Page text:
Saltwater Fishing Tips

Saltwater Fishing - Helping you catch that fish of a lifetime

Saltwater Fishing Tips Articles

Shore Bound Tautog

Most anyone you talk to about fishing for tautog, or blackfish as they are commonly referred to, will tell tales of dropping hooked crabs and sandworms over the side of the gunwale, and moments later playing tug of war with a rod bent under the boat as they try to winch a large blackfish from the rock piles below. Well, what if you don’t have a boat? What if you don’t have access to a boat? No worries. Though it’s tough to find any information on blackfishing from the shore it is an option that you should explore.

Porgy Fishing-101

The porgy, also referred to as scup, are the saltwater equivalent to the freshwater bluegill. They are relatively small, tasty and when you find one, you will usually find more. There is no better way to introduce the uninitiated to the saltwater world than to introduce them to porgy fishing. They are easy to find and the action can be fast and furious.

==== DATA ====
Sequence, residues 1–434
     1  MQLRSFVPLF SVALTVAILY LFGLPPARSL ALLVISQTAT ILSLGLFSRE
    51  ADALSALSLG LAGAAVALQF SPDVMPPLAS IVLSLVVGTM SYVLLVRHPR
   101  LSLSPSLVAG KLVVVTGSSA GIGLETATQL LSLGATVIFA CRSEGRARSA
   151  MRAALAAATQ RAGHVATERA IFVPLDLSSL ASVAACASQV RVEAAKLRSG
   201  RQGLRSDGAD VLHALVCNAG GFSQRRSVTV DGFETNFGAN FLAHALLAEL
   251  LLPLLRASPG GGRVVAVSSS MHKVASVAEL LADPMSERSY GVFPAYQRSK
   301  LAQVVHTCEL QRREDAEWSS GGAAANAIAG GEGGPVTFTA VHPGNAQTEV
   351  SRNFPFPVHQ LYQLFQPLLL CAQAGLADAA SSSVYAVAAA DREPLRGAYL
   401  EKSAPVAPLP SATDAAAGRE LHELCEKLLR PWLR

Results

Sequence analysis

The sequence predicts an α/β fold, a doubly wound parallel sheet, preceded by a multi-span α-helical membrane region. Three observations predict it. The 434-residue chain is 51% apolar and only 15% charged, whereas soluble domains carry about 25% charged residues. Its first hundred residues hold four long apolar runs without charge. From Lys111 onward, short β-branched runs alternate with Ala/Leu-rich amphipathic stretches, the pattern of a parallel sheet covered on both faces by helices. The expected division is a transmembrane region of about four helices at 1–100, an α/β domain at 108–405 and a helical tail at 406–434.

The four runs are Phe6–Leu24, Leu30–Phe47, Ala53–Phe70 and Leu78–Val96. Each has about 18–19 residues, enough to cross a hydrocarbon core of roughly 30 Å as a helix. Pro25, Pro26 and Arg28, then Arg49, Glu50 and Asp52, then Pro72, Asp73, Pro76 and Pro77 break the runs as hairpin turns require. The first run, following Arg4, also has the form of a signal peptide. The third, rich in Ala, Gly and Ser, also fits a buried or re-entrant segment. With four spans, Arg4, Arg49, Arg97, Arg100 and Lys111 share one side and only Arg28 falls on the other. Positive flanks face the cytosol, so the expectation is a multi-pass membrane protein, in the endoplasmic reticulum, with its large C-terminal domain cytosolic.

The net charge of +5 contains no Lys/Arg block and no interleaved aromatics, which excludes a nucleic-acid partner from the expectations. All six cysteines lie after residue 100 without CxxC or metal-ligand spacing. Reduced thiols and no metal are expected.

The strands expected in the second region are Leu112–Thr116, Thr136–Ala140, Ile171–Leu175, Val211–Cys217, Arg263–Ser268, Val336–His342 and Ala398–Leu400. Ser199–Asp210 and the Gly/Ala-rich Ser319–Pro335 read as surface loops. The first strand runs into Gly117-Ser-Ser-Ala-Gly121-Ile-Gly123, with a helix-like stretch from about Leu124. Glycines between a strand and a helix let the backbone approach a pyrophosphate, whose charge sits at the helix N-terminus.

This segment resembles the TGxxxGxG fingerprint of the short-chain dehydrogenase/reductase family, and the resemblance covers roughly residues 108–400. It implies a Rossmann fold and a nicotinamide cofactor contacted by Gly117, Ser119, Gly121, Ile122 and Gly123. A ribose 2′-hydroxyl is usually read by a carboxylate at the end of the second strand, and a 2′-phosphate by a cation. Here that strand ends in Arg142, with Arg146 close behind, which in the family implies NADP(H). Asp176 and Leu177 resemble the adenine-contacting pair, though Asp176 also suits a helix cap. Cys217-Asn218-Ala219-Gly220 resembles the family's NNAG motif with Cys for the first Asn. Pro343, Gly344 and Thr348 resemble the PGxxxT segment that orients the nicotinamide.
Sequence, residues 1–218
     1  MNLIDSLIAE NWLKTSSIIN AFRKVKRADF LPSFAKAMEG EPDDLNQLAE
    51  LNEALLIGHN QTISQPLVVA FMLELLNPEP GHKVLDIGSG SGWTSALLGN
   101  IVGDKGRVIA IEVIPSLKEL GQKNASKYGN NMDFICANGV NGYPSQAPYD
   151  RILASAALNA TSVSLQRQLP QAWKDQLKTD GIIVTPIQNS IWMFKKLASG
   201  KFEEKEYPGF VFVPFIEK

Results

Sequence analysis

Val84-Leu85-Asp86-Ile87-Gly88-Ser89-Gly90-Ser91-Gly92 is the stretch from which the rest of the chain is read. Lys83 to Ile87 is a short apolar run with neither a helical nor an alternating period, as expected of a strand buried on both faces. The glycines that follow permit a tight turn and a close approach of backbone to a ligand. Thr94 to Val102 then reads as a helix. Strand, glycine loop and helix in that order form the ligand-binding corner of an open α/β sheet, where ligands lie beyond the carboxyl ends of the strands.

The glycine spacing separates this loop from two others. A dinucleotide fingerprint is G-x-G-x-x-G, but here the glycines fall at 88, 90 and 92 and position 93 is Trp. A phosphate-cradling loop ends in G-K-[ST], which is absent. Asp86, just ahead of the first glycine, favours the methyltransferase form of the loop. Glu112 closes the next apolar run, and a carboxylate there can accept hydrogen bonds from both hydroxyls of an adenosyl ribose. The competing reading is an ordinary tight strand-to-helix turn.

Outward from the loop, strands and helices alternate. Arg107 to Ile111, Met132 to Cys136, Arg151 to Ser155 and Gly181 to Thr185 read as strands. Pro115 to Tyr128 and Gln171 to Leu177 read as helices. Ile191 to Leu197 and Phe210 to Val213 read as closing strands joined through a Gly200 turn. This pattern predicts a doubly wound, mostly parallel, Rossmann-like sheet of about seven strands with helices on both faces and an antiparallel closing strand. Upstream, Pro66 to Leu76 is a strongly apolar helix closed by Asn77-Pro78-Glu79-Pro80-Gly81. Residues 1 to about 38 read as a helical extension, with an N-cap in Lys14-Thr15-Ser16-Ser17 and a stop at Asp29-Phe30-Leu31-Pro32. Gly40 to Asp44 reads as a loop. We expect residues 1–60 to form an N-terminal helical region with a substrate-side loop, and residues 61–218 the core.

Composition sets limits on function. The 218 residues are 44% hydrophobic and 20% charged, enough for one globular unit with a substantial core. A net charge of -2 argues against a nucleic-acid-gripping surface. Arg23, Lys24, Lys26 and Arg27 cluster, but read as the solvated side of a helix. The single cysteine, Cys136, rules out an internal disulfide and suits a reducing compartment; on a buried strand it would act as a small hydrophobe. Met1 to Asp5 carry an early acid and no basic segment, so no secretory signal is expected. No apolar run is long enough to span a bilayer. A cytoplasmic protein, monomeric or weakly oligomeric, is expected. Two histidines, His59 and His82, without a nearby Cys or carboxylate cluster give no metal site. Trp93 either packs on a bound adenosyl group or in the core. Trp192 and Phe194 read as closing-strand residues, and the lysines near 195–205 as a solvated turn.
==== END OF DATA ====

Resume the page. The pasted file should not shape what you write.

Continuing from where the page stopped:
Baitcasting Without the Birds Nest

Baitcasting reels are a huge asset to your fishing arsenal especially if you’re using lures larger that ¼ oz. – 3/8 oz. But, in the northern reaches of the country most anglers do not grow up using baitcasting reels. One reason may be that northern anglers target trout more so than southern anglers and most trout applications require the use of very light line which baitcast reels do not handle very well. Many are wary of using a baitcasting reel due to its tendency to backlash or create a “birds nest” when casting. This is something that can be easily overcome with proper instruction and a little backyard practice casting.